Comedian George Carlin once painted the human tug of war, a fascinating picture for us. Imagine informing a friend about an unseen man in the cosmos, the architect of everything. Your friend nods, accepting this profound concept without hesitation. But, tell them that the paint on the wall is fresh, and they’d reach out to verify, despite your words. Interesting, isn’t it?
The crux of the matter is this: unseen concepts, big ideas about life and the universe, are things we can readily embrace. We internalize them without a shred of physical proof. The allure lies in the sense of belonging to something grander than ourselves.
However, consider wet paint. We can see it, touch it, but we still insist on confirmation. The reason? We feel compelled to validate elements within our tangible world. This need to test and ensure safety is a basic instinct we inherited as truth.
And the truth is that we don’t truly know who created the universe, but we do have theories, philosophies and religions who believe we do. But is there one source who can give us the answer to the mystery of life?
Humans have used paint for thousands of years. Paint came from natural stuff. The oldest known paintings are in caves. They used red and yellow ochre, hematite, manganese oxide, and charcoal. Mixed with spit or animal fat, they turned into a paint-like mix. So, early humans learned how to use and change their surroundings to make paint.
Modern paint, the kind we know now, showed up much later. D.P. Flinn got the first paint patent in 1865. So, while paint’s start is old, its story carries on in our colorful world today.
Isn’t it intriguing? We show faith in the invisible, yet we’re drawn to verify the visible. Recognizing this internal tug of war, perhaps we can adopt a healthy balanced approach?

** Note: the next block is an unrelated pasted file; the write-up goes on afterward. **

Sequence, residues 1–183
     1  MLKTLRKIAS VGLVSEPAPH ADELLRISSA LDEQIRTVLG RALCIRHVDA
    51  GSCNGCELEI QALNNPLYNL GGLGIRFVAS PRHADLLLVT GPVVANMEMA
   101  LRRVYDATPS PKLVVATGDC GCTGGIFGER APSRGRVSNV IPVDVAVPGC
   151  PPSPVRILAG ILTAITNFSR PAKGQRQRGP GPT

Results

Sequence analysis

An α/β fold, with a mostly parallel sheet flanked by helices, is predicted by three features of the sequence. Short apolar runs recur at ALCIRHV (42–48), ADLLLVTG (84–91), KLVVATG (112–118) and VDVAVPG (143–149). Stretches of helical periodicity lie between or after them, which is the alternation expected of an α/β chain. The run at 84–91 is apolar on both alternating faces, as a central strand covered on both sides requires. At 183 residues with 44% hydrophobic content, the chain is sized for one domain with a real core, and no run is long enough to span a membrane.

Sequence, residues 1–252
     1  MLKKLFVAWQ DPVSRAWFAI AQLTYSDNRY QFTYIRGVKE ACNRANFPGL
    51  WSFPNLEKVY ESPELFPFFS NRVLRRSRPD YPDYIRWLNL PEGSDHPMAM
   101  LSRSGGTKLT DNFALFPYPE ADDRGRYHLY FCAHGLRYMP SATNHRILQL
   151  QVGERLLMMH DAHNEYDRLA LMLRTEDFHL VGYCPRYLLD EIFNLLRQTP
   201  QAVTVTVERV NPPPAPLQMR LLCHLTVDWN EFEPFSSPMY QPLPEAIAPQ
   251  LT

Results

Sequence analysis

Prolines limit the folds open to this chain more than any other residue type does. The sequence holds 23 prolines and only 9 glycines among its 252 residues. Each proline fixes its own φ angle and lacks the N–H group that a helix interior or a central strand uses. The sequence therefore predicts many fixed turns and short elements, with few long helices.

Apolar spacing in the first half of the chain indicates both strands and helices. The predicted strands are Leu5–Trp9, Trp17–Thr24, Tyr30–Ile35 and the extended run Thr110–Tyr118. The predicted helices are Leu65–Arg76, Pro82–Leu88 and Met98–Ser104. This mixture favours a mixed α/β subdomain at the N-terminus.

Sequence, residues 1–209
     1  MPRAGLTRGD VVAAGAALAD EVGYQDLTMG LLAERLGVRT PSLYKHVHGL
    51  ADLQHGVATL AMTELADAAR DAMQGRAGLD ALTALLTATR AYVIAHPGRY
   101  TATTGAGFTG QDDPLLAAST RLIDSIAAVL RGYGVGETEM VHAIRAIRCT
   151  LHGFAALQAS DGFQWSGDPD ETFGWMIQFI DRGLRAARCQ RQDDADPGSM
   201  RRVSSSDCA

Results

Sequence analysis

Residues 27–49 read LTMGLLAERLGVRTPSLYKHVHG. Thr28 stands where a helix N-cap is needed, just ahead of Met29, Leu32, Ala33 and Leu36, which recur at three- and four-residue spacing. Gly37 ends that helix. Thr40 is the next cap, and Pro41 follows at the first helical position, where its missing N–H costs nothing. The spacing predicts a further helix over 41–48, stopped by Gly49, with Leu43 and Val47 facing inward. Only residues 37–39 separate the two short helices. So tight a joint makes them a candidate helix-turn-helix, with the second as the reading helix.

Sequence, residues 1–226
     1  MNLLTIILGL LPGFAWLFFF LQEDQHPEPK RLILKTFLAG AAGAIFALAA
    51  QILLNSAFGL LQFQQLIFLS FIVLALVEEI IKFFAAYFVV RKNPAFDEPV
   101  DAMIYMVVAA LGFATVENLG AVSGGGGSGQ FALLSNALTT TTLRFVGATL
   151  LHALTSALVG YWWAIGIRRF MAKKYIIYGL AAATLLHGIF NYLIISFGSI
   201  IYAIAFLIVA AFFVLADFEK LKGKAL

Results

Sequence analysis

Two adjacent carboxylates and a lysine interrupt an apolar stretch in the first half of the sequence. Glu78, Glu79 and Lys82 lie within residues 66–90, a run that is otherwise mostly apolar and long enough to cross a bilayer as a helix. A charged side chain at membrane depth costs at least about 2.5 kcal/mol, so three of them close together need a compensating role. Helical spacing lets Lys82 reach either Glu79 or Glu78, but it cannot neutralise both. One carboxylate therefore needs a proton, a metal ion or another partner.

The next time we cross paths with a ‘wet paint’ sign, let’s take a moment to pause and reflect. Likewise, when profound questions invite us to consider, let’s not hold back from a dose of healthy skepticism. As humans, we engage in a delicate dance between belief and doubt, carving out new paths of understanding through this rhythm.
Even within this dance of belief and doubt, we never lose sight of the most powerful force guiding us—love. Love sheds light on the paths that genuinely matter and fosters our understanding of the world.
Seeing through the lens of love, we grasp a deep truth: our interconnectedness in this cosmic tapestry. The tug of war between faith and skepticism becomes an optional challenge, not a mandatory struggle. By choosing to embrace love, we gain clarity about this choice, finding reassurance that within the intricate dance of life, we can always strike a harmonious balance.
“We have multiplied our possessions but reduced our values. We talk too much, love too seldom, and hate too often. We’ve learned how to make a living but not a life. We’ve added years to life, not life to years.”—George Carlin
But maybe each of us is so powerful that it is up to us to choose our own path of love of life? And sprinkle life and joy into our time here through our purposeful creations. This is my wish this birthday for each of us.